What was not disclosed at the launching is the fact that NACTEST was a programme conceived and introduced in 2014 by the former National Security Adviser, Sambo Dasuki to counter terrorism under soft-approach programme. While unveiling NACTEST in March 2014, the then NSA Sambo Dasuki said the strategy was developed by his office in collaboration with international partners, experienced academics and selected non-state actors. He said that the strategy was developed taking into account the root causes of terrorism, adding that the approach was to understand the problem in order to apply appropriate solutions.
Dasuki added that NACTEST focused on key points including increasing the capacity of government institutions and relevant agencies in handling extremists. The strategy was developed to offer a key blueprint for law enforcement agencies to combat terrorists.
During an interaction with the media, Dasuki had said that “What we have learnt is that there is not one particular path that leads to terrorism; rather, there are many often complicated paths that led to terrorism. The NACTEST seeks to prevent attacks before they happen by preventing our people from becoming terrorists in the first place.”
The soft approach to counter-terrorism developed a Countering Violent Extremism (CVE) programme that is vertical and involves the three tiers of government – federal, state and local. The programme is also horizontal, involving civil societies, academics, traditional, religious and community leaders.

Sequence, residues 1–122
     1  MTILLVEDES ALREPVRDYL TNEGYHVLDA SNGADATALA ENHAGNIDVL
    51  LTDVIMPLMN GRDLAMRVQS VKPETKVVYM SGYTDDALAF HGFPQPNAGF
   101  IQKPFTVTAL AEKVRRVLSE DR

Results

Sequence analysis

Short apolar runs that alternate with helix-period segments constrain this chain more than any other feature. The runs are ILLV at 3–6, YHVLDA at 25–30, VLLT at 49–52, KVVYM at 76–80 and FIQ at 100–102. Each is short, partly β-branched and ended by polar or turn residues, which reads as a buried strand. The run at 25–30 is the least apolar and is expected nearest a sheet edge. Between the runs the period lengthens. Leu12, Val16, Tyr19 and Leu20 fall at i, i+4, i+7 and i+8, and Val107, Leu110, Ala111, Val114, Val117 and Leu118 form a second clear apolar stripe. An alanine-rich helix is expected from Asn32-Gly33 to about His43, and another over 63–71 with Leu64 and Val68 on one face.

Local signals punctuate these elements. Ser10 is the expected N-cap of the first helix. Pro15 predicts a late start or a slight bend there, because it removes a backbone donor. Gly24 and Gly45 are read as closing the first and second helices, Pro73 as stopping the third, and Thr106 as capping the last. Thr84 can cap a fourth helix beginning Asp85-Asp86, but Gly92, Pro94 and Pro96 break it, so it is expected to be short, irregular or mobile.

The NACTEST programme utilises existing structures within and outside government to deliver targeted programmes and activities that further the overall objective of stemming the tide of radicalism. The soft approach programmes provide the country a framework that identifies roles and responsibilities of every segment of the society.
With the revised NACTEST document under current NSA Babagana Monguno, there should be a sustained monitoring and evaluation framework that would track the implementation of each stream of the CVE programme.
The revised document is a further consolidation of counter-terrorism efforts. It should also ensure that the measures being adopted on counter-terrorism processes conform to dictates of the law and adhere strictly to the rules of engagement and human rights norms as was canvassed in the past.
The current Office of the National Security Adviser must be commended for not only initiating new direction in intelligence gathering and coordinating counter insurgency campaign but also for revising the content of NACTEST to ensure its effective deployment.
It is necessary to caution political office holders to be conscious of their utterances in their blame-games campaigns, especially on security issues. One does not need to be a professor in law to know that it is morally wrong and a crime to criminalise innocent officials that were/are not convicted by competent court of law. Majority of officers that served in the previous administration are also serving in the current administration diligently and responsibly. Terrorism issues should not be politicised, because history is the best judge even if some are forgetful.
Yushau A. Shuaib, email@example.com; www.yashuaib.com, writes from Abuja.